Explanation from the Preshing on Programming blog:
It’s handy when you have two related operations which you’d like to execute as a pair, with a block of code in between. The classic example is opening a file, manipulating the file, then closing it:
with open('output.txt', 'w') as f:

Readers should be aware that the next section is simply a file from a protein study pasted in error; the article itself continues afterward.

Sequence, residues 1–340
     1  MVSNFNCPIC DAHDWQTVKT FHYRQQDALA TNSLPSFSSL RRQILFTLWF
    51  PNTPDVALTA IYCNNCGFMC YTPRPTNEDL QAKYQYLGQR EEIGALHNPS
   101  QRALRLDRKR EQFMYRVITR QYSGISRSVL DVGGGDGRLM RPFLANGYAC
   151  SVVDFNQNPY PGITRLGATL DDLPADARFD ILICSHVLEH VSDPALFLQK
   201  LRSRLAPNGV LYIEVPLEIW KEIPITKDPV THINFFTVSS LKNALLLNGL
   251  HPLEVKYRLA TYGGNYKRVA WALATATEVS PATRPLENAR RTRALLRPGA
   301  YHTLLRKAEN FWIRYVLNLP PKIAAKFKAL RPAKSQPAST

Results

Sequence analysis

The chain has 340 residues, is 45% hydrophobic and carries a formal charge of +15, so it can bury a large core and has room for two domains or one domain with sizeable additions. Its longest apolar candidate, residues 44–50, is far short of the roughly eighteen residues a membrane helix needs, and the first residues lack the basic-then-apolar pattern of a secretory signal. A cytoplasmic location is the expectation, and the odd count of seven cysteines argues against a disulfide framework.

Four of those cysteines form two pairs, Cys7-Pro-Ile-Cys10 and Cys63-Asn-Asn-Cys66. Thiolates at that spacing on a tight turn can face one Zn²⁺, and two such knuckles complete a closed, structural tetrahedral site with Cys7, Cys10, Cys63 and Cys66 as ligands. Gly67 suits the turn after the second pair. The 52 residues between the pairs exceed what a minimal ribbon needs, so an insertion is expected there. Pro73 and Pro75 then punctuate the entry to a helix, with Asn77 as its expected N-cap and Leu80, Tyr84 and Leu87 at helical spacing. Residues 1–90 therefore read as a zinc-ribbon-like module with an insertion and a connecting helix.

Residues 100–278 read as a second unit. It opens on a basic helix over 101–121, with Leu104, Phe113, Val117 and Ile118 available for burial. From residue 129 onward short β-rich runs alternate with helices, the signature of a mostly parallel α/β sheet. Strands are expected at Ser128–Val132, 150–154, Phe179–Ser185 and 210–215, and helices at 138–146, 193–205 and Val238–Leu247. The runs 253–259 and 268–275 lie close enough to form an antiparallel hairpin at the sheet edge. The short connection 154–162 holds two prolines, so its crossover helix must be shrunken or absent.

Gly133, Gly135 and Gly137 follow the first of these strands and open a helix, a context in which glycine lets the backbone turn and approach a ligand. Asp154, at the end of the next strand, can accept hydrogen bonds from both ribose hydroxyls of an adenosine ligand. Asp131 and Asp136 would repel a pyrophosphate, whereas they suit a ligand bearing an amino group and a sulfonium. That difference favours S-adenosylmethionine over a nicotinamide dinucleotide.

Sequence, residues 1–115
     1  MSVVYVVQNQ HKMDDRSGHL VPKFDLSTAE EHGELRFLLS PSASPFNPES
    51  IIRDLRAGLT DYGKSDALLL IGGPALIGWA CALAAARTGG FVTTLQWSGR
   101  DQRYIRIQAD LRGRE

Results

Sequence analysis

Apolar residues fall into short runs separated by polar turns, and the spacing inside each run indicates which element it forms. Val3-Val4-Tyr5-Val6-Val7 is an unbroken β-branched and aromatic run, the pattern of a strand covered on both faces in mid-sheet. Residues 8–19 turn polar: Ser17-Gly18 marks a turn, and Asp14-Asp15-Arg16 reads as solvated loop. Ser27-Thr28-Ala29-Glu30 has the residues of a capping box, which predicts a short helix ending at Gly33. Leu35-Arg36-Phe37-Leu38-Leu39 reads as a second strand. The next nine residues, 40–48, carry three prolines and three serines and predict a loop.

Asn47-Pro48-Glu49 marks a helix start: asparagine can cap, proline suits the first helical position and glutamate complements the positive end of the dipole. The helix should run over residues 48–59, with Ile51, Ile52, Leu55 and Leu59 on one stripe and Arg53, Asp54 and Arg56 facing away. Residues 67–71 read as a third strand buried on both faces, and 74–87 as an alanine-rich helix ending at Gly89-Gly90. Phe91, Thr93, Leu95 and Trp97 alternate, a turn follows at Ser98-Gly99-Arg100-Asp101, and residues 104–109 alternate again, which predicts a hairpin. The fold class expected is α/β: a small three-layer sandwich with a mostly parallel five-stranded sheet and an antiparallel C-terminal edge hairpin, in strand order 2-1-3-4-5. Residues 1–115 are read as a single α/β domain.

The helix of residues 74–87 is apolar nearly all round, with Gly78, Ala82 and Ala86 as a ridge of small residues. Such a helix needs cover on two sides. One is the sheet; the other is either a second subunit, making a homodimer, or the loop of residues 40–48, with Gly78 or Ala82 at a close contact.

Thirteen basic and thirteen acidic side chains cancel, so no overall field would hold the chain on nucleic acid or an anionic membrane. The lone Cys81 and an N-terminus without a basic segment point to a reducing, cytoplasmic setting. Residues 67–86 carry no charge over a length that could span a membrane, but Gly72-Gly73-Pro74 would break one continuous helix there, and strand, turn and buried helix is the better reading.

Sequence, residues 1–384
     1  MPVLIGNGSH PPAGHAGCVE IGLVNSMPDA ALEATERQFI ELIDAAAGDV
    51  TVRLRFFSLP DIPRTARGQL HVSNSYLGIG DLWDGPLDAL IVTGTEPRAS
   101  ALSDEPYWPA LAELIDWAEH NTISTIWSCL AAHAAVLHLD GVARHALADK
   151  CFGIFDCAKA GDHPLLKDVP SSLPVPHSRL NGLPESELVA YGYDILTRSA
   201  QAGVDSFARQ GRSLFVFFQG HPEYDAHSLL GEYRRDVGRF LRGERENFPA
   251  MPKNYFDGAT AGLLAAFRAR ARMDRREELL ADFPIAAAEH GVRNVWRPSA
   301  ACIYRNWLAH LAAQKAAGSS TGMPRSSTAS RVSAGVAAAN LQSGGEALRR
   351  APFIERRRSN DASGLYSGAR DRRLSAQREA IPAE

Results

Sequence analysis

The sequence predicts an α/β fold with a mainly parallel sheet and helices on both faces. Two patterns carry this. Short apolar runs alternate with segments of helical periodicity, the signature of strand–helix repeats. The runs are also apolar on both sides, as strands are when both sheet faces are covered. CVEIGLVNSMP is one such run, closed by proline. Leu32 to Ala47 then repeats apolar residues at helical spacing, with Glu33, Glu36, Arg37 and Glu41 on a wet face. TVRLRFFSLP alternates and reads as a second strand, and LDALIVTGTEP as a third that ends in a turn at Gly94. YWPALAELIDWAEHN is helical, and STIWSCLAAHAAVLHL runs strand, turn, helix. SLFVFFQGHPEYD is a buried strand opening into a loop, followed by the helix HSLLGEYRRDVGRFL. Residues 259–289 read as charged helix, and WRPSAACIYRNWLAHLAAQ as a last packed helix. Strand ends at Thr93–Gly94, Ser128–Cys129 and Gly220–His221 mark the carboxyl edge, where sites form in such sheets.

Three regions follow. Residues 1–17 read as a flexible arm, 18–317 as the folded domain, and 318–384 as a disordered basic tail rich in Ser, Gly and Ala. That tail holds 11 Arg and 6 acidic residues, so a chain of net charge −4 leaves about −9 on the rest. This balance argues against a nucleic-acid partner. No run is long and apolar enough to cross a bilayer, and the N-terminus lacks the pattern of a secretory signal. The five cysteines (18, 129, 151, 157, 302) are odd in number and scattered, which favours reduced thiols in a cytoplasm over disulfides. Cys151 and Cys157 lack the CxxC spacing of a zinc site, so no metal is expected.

The above with statement will automatically close the file after the nested block of code. (Continue reading to see exactly how the close occurs.) The advantage of using a with statement is that it is guaranteed to close the file no matter how the nested block exits. If an exception occurs before the end of the block, it will close the file before the exception is caught by an outer exception handler. If the nested block were to contain a return statement, or a continue or break statement, the with statement would automatically close the file in those cases, too.